tetrahexahedron


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tetrahexahedron

[‚te·trə′hek·sə‚drän]
(crystallography)
A form of regular crystal system with four triangular isosceles faces on each side of a cube; there are altogether 24 congruent faces.
References in periodicals archive ?
The eight crystal drawings shown comprise the set of observed magnetite crystal habits, made up of varying degrees of the development of just three forms: the cube, the tetrahexahedron, and the octahedron.
Tetrahexahedron faces, although sometimes smooth, more often show a variety of very interesting microscopic textures that lead to striations and frosted surfaces when such specimens are viewed with the naked eye.
Additionally, the hexoctahedron and tetrahexahedron forms, while rare in most areas, are quite common at the Mex-Tex.
These are superb octahedrons nicely modified by truncated edges and low-angle tetrahexahedron faces.
Minor modifications include the tetrahexahedron on the (100) face or beveled crystal edges.
On some crystals the dodecahedrons are modified by narrow faces of the {1211} trapezohedron, sometimes in combination with small faces of the cube {100}, or a tetrahexahedron. This latter form has not been measured.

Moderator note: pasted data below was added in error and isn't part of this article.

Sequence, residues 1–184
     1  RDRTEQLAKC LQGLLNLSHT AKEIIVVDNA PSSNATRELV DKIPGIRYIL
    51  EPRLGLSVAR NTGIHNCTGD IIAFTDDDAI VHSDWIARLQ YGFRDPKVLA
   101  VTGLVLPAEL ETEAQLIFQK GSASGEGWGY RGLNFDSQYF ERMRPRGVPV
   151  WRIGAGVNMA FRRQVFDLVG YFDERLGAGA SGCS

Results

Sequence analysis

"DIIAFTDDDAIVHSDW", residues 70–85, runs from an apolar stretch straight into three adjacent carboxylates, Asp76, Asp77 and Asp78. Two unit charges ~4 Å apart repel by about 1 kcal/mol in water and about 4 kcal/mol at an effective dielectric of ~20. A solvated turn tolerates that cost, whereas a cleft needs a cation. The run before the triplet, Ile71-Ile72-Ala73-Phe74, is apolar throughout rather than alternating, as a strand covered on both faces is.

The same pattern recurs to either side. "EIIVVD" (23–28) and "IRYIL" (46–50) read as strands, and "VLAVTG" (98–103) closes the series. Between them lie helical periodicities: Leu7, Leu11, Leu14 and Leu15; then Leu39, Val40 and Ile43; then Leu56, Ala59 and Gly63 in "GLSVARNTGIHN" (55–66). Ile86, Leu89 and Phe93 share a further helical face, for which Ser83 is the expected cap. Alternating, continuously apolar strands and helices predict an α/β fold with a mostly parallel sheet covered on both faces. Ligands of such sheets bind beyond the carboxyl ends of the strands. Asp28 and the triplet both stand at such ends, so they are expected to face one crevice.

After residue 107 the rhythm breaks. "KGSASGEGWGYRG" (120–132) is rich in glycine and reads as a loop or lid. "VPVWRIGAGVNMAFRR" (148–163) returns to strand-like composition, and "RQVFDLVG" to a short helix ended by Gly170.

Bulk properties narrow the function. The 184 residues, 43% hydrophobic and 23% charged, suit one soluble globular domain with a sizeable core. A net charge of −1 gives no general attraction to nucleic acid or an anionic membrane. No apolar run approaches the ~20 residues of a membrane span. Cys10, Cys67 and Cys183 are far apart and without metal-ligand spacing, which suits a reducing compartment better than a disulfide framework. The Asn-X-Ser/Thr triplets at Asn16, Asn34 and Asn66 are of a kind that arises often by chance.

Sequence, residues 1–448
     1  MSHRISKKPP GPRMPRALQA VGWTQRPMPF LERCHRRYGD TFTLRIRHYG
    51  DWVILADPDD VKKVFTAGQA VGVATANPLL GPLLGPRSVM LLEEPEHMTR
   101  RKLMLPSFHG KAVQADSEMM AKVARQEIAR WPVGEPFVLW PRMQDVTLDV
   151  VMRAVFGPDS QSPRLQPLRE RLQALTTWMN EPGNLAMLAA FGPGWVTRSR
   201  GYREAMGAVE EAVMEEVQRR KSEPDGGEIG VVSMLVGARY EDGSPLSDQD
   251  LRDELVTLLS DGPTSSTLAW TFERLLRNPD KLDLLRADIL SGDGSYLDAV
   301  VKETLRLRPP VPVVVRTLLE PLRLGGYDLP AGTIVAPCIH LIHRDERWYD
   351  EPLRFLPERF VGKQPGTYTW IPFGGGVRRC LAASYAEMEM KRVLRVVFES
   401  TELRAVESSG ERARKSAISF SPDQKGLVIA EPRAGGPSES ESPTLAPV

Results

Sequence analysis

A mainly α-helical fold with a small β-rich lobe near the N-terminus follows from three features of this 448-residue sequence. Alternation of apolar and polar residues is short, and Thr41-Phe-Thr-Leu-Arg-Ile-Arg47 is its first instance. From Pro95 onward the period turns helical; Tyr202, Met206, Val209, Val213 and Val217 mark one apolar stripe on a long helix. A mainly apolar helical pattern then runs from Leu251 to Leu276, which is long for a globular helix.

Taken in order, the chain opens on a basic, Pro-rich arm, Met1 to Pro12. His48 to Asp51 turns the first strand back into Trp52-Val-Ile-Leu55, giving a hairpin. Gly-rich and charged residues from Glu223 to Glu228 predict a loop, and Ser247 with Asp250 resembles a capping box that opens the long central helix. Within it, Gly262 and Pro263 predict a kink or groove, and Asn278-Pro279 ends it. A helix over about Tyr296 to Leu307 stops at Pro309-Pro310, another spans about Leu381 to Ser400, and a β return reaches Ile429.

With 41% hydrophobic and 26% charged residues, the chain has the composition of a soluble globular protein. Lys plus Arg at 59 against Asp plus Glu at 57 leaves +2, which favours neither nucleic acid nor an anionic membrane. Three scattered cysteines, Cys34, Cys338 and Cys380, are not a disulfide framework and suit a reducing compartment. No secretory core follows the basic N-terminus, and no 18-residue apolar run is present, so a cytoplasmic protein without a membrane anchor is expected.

The habit of some of the gold is dendritic to arborescent; some arborescent groups have rounded gold tetrahexahedrons to 2 mm resting on the tips of the "branches." Other specimens are clusters of sharp, deeply hoppered gold octahedrons to 1 cm; others are dominated by wire gold; still others show sponge gold as "matrix" for crystal groups; a couple of exceptional pieces have distorted dodecahedral gold crystals to 2 cm resting on quartz.
The first occurs either as radiating aggregates composed of individual blades of fluorite, which form intergrown hemispheres typically no more than 7 mm across (or isolated hemispheres as much as 2.2 cm across), or as rough tetrahexahedrons as large as 1.5 cm.
Delicate, acicular crystals are occasionally seen in cavities within massive quartz, associated with small botryoidal to hemispherical fluorite aggregates or crude fluorite tetrahexahedrons.
The crystalized copper occurs as rough tetrahexahedrons (M.